Perfectionism, Distress, and Irrational Beliefs in High School Students: Analyses with an Abbreviated Survey of Personal Beliefs for Adolescents
- 831 Downloads
The current study examined the associations between dimensions of perfectionism and irrational beliefs in an adolescent sample. In addition, we tested the association between psychological distress and irrational beliefs in adolescents and we evaluated the feasibility of creating a modified version of the Survey of Personal Beliefs for use with adolescents. A sample of 250 adolescents (108 males, 142 females) completed the Child-Adolescent Perfectionism Scale, the Survey of Personal Beliefs, and the CES-D Depression Scale. Initial psychometric analyses yielded an abbreviated 30-item Survey of Personal Beliefs with adequate internal consistency for four of the five subscales. Our results showed that self-oriented perfectionism was associated significantly with all five irrational belief subscales, while the associations between socially prescribed perfectionism and irrational belief subscales were much smaller in magnitude. Self-oriented perfectionism, socially prescribed perfectionism, and irrational beliefs were all associated significantly with elevated distress among adolescents, and irrational beliefs predicted unique variance in distress, over and above the variance attributable to the trait perfectionism dimensions. The findings confirmed the association between perfectionism and irrational beliefs and their respective roles in psychological distress among adolescents.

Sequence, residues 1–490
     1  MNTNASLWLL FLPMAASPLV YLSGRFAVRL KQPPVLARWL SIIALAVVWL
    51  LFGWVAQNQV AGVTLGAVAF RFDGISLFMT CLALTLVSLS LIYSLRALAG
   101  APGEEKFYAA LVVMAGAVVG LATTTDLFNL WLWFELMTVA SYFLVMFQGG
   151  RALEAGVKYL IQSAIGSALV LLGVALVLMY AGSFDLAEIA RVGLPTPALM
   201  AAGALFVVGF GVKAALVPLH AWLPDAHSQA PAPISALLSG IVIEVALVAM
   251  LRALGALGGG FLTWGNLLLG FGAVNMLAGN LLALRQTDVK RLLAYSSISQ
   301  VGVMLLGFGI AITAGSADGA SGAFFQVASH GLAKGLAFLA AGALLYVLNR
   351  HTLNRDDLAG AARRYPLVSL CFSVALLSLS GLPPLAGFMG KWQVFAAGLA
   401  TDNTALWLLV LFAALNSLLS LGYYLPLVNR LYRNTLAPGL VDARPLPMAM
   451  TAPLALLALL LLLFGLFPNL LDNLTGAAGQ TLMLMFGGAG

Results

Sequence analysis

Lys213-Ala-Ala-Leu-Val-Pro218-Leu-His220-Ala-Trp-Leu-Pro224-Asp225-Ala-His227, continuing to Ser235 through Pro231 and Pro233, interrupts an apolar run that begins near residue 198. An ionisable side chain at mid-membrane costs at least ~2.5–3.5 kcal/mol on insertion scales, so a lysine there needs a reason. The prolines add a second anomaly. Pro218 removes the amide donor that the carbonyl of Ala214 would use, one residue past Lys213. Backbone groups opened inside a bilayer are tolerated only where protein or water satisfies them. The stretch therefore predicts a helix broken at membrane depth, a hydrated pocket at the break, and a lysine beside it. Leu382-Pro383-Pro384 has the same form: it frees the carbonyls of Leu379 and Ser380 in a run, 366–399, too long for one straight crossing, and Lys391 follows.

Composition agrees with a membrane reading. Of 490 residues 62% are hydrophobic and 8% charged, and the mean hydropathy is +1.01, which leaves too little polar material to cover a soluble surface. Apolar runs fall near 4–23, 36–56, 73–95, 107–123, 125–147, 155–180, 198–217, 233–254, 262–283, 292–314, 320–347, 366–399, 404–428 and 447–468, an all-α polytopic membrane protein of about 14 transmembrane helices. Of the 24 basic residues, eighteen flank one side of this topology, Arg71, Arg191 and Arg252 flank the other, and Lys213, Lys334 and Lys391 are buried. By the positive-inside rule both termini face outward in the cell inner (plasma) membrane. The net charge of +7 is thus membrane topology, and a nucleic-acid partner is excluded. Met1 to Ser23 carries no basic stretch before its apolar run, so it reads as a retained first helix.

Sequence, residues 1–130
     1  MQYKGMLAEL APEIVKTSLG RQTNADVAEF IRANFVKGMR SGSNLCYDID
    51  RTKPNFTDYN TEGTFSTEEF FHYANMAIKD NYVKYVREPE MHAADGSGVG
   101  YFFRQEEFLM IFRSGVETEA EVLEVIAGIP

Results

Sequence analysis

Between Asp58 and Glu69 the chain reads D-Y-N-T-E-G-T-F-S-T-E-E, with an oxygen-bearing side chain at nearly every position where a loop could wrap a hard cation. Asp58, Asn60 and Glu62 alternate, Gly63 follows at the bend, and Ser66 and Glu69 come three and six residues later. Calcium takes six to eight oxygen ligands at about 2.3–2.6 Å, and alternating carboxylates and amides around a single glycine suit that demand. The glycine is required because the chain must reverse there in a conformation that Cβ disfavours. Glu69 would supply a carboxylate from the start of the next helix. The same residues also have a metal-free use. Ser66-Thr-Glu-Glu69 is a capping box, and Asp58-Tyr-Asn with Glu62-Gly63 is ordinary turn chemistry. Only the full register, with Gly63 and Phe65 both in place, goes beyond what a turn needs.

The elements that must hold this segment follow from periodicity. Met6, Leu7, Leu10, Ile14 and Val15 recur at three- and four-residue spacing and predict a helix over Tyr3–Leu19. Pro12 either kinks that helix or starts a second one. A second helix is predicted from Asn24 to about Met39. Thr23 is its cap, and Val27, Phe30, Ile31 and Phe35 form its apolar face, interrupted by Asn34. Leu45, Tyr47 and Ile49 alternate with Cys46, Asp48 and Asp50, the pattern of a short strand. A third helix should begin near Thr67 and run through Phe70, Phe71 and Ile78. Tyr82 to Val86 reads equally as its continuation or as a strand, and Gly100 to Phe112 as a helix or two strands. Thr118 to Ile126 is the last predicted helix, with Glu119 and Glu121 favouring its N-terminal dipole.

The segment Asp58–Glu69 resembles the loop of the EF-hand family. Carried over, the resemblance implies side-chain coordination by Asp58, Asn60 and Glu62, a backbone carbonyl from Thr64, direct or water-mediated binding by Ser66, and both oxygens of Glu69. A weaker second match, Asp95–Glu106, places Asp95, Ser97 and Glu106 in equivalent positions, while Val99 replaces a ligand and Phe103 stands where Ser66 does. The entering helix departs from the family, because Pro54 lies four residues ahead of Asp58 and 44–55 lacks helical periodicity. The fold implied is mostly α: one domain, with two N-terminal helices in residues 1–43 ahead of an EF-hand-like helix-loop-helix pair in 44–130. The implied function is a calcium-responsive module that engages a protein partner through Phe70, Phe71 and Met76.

KeywordsPerfectionism Irrational beliefs Depression Adolescents
This research was supported, in part, by a grant from the Social Sciences and Humanities Research Council of Canada awarded to the authors. Gordon Flett was supported by a Canada Research Chair in Personality and Health.
- Allen, L. A. (2000). Short-term therapy for somatization disorder: A cognitive behavioral approach. Journal of Cognitive Psychotherapy, 14, 373–380.Google Scholar
- Bernard, M. E., Ellis, A., & Terjersen, M. (2006). Rational emotive behavioral approaches to childhood disorders: History, theory, practice, and research. In M. Bernard & A. Ellis (Eds.), Rational emotive behavioral approaches to childhood disorders: Theory, practice, and research (pp. 3–84). New York: Springer.CrossRefGoogle Scholar
- DiBartolo, P., Frost, R. O., Peicha, C., LaSota, M., & Grills, A. E. (2004). Shedding light on the relationship between personal standards and psychopathology: The case for contingent self-worth. Journal of Rational-Emotive and Cognitive-Behavior Therapy, 22, 241–254.Google Scholar
- Ellis, A. (1962). Reason and emotion in psychotherapy. New York: Lyle Stuart.Google Scholar
- Flett, G. L., Hewitt, P. L., Boucher, D. J., Davidson, L. A., & Munro, Y. (1997). The Child-Adolescent Perfectionism Scale: Development, validation, and association with adjustment. Unpublished manuscript, York University, Toronto.Google Scholar
- Hewitt, P. L., & Flett, G. L. (1990). Perfectionism and depression: A multidimensional analysis. Journal of Social Behavior and Personality, 5, 423–438.Google Scholar
- Jones, R. G. (1969). A factored measure of Ellis’s irrational beliefs system, with personality and maladjustment correlates. Dissertation Abstracts International, 29.Google Scholar
- Sorotzkin, B. (1998). Understanding and treating perfectionism in religious adolescents. Psychotherapy, 35, 87–95.Google Scholar